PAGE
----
I am often called upon in my hypnotherapy practice to help people motivate themselves more effectively. This can extend to successfully thinking about your job or career, about making money and having abundance in your life, or to maximizing your sports performance.
Hypnosis can be a very effective way to motivate sportsmen and has been used for
many years now for enhancing athletic performance, especially in baseball, tennis, football, boxing, skiing and golf. The techniques for helping to enhance sports performance are broadly the same as motivating performance for anything you care to name.
I recently saw a professional sportsman who made his living playing on the world circuits. He complained that his performance in competitions over the last six months was mediocre and he was losing the will to win. He had suffered an injury, but he had fully recovered now after taking time off, but he was unable to return to his past form.
When I enquired about what had happened in a recent competition, he described hearing a voice inside that him told him “he was completely useless” and “why should he now bother to go on with the competition.” That voice was his ego. I explained that the conscious mind (Brain 1) was always judgmental and he needed to improve his relationship with the unconscious mind (Brain 2). Playing a better game starts by having a clear picture of your desired outcome to win; learning to be “non-judgmental” by observing what was happening rather than noticing only how badly it was happening; and learning to trust Brain 2 to perform at its best, because it knows exactly what to do.
I taught him how to completely switch into Brain 2, his unconscious mind, during the game. Brain 2 knew exactly what to do: how much pressure or force it should use: the exact trajectory of the shot; where it should bounce and how much back spin was required–visualizing in his mind the ball landing in the exact position he desired. By shutting down that judgmental inner voice, he was totally relaxed and the complex co-ordination of mind and body needed to make that shot was given over and entrusted to the unconscious mind.
Hypnosis can provide some further tools. For example, in order to go into the hypnotic state for the game, he was taught a “trigger,” such a wiping his brow with a wristband or pressing thumb and forefinger together. Suggestions were given that he would not hear any noise from the watching crowd or even see the surroundings.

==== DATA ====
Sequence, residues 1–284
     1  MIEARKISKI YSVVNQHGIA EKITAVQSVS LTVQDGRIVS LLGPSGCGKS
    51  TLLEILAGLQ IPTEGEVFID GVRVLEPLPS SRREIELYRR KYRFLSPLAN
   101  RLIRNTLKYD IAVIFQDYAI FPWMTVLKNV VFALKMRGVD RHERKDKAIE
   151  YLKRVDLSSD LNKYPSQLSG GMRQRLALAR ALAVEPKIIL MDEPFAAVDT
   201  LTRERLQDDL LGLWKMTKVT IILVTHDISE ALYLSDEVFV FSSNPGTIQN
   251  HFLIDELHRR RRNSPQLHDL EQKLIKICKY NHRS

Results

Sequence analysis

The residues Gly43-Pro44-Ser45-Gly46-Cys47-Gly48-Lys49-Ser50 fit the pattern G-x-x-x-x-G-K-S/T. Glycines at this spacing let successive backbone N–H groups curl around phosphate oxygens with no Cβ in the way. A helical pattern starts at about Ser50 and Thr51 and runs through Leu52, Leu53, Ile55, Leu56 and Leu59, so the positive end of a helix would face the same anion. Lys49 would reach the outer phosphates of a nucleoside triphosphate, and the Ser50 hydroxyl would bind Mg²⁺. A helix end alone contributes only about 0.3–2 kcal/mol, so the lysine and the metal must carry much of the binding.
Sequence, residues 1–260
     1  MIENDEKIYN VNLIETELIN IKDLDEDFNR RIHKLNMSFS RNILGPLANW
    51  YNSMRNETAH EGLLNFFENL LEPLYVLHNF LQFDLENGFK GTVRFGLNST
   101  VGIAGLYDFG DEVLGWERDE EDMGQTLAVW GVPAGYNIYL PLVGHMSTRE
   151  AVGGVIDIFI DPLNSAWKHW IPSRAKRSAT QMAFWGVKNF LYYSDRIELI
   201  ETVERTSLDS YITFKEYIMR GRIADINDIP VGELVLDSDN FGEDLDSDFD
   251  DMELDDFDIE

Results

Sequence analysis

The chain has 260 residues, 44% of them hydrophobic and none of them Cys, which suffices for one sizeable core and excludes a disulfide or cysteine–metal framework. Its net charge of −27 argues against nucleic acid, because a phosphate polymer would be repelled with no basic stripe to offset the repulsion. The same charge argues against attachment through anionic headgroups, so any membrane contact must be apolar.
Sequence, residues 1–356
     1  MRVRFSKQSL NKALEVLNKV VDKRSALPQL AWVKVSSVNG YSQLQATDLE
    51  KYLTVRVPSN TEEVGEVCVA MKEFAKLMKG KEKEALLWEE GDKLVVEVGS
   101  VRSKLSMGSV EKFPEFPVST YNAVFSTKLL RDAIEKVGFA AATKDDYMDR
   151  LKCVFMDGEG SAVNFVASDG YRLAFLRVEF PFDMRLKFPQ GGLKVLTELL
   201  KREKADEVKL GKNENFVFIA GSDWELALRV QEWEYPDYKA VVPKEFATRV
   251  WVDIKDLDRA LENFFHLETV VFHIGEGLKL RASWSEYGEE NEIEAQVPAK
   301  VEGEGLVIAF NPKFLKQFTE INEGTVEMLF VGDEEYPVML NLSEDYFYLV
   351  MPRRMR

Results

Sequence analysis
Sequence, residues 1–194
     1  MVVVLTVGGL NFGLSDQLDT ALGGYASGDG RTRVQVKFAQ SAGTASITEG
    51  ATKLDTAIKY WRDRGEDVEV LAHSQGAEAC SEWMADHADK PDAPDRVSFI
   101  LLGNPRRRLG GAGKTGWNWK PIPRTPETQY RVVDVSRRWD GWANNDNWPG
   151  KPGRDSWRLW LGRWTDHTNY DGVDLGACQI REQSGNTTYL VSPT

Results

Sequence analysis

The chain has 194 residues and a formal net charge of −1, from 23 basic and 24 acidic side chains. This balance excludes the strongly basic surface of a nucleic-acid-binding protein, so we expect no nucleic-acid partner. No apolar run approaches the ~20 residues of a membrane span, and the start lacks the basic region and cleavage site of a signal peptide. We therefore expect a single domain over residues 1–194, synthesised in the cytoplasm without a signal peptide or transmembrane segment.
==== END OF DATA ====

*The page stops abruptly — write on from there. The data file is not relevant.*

I recommend an excellent book called “The Inner Game of Tennis” by W. Timothy Gallwey. It’s a good foundation for all sports psychology and indeed for anything that you wish to be motivated in.
How often does the ego or Brain1 sabotage that motivation by saying, “I cannot possibly do that,” or “It’s beyond my capability,” or “I am stupid and lazy,” or “I cannot make this cold call because I cannot abide someone being rude to me.”
The word “sabotage” comes from the industrial revolution of 19th century France, when exploited workers showed their distaste for bad working conditions and low pay by throwing their wooden shoes, called ‘sabots’ in French, into the machinery – hence the word sabotage. The English talk about “throwing a spanner (monkey wrench) into the works.” How often have we done this to ourselves? Just think of all those missed opportunities that have flown by right under our noses, which we didn’t take up!
Why do we sabotage ourselves from time to time? Well, we let our big ego get in the way instead of following the instinct of the non-judgmental unconscious mind. Follow your instincts and listen to that inner voice, or feeling, or sense talking to you.
I have clients coming to me to help them make important decisions in their life. Should I leave my wife and children and seek a divorce? Should I run for political office or leave it for another election time? Should I go ahead and commence litigation against a family friend? I don’t presume to advise them, but I help them by-pass their egos and get in touch with what they are really feeling.
By using the hypnotic state, clients have found satisfactory answers to important questions in their lives and have been grateful for being shown a powerful tool that has helped them make the right decision. It is not necessarily a painless decision. The human mind will do everything in its power to avoid pain – both physical and emotional. That is why we find it so difficult to make changes in our lives. However, when we listen to our inner mind, we can play the game of life so much better and easier.